To be viewed with suspicion: a genuine question for my Anglican friends

I have a great deal of respect for my Anglican brothers and sisters. Many of them are plugging away in gospel work seeking to turn around effectively non-Christian churches in nigh on lost dioceses in a midst of a exceptionally broad and mixed denomination. Many of them function as something closer to missionaries than church ministers. Those in more healthy churches, or even tolerable dioceses, are still fighting battles on a national stage that are simply non-issues in many non-conformist circles. Whatever else we may want to say, it takes enormous courage to stand for gospel truth in the midst of such a hostile environment.

Never having been Anglican, it is easy for me to say I personally would have left the communion a long time ago. Nonetheless, that does not mean I am unsympathetic to their current plight. Back in 2015, following the ordination of their first female bishop and with the promise of another on the horizon, I noted this:

In the past, Evangelicals could have left over the denigration of the gospel. Having chosen not to do that, many are now faced with leaving over important, but secondary, external matters such as complementarianism and gay marriage. What the world would have seen as an exodus over gospel issues – a watering down of theology and an inability to have meaningful fellowship with churches that eschew basic gospel truth – will now simply be seen as a hissy fit by misogynists and homophobes who couldn’t get their own way. Cries of “but this is a gospel issue” will be lost on those who see only years of increasingly errant doctrine, denounced as dreadful at the time but nonetheless tolerated to the point of remaining in fellowship, while the inclusion of women and homosexuals is the prima facie cause of schism.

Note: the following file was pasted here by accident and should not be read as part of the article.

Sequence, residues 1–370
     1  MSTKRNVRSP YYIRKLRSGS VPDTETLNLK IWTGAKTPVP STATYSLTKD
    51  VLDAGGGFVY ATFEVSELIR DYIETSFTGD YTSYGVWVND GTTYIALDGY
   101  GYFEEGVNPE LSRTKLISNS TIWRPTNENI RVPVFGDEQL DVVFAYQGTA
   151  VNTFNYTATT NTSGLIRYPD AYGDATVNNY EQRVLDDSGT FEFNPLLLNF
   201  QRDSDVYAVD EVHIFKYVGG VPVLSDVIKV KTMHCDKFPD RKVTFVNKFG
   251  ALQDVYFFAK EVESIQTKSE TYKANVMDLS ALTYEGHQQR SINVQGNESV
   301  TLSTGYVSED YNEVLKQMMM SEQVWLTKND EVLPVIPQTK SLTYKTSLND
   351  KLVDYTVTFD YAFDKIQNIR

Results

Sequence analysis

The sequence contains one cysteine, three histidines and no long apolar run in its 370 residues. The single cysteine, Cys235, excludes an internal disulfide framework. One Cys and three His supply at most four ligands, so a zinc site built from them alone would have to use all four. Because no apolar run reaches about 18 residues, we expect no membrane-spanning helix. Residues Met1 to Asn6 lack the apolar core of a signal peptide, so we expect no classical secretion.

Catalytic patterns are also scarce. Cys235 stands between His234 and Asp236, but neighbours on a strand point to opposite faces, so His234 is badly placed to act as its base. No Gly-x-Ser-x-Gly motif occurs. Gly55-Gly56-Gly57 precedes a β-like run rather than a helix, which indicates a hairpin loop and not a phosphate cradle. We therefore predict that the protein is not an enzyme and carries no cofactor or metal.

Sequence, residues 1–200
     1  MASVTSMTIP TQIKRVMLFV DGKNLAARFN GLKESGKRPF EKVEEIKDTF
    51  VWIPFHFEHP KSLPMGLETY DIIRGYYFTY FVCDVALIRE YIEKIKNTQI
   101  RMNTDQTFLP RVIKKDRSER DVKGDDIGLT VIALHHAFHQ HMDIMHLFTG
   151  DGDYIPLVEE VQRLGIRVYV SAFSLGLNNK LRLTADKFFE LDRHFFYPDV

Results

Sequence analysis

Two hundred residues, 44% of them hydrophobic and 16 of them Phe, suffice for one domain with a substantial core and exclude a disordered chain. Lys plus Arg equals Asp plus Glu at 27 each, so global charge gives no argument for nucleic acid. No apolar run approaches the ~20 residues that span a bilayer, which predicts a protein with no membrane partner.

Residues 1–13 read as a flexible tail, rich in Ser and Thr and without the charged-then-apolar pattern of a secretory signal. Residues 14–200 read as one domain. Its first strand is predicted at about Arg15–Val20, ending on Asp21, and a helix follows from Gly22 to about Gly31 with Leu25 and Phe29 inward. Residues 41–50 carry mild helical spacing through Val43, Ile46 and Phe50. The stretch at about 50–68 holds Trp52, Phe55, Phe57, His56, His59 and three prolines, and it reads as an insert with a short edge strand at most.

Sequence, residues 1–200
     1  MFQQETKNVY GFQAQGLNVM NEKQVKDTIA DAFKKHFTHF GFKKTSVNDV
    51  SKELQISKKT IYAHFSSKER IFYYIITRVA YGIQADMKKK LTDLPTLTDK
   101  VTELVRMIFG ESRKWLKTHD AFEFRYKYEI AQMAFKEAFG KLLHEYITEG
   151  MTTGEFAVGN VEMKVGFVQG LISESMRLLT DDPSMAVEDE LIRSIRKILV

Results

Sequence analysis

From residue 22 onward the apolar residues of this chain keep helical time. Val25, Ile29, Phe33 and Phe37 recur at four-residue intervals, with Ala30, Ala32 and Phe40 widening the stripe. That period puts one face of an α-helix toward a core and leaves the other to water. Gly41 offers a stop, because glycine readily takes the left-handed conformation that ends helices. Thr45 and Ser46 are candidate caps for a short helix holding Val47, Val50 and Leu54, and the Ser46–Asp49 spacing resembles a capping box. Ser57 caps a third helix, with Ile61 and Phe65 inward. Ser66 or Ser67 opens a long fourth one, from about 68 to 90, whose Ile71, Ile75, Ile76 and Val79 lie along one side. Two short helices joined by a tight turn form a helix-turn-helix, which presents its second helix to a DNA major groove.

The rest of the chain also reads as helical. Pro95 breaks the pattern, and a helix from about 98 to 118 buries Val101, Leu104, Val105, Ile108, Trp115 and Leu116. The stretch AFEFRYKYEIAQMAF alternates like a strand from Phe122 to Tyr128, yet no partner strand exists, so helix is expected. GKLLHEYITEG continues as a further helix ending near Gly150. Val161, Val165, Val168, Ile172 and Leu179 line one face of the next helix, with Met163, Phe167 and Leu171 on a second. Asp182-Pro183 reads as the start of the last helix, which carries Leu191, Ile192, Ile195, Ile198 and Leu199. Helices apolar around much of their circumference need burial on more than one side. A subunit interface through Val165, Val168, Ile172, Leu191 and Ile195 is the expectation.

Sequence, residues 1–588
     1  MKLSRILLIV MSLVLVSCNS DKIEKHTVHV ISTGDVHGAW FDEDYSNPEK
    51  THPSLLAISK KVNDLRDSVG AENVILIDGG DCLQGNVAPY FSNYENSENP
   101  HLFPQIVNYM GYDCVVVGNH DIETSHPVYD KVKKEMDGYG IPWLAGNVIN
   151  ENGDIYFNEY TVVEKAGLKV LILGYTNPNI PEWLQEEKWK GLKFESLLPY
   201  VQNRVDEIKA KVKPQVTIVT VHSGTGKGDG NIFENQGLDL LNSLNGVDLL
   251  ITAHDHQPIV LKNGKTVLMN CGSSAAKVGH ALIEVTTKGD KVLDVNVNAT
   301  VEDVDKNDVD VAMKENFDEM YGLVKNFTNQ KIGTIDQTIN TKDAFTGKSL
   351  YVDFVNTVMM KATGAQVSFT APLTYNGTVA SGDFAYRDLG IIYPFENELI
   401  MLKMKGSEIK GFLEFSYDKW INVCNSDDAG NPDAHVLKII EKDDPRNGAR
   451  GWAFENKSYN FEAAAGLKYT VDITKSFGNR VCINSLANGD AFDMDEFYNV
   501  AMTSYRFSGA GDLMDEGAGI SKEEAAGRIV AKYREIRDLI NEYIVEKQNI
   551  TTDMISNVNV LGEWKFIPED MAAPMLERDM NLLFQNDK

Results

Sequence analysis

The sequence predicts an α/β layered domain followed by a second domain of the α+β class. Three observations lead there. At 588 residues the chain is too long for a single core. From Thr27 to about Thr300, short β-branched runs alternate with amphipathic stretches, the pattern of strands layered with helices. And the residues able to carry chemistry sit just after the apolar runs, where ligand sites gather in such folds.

Whilst we in the Free Churches may look on and wonder why such lines were not drawn decades ago, the CofE is where it is. The question has now become eminently more complex. Do Evangelicals remain in a church broader than the Norfolk waterways and risk increasing compromise or do they leave for the sanctuary of independency and risk a misconstruction of the basic issues?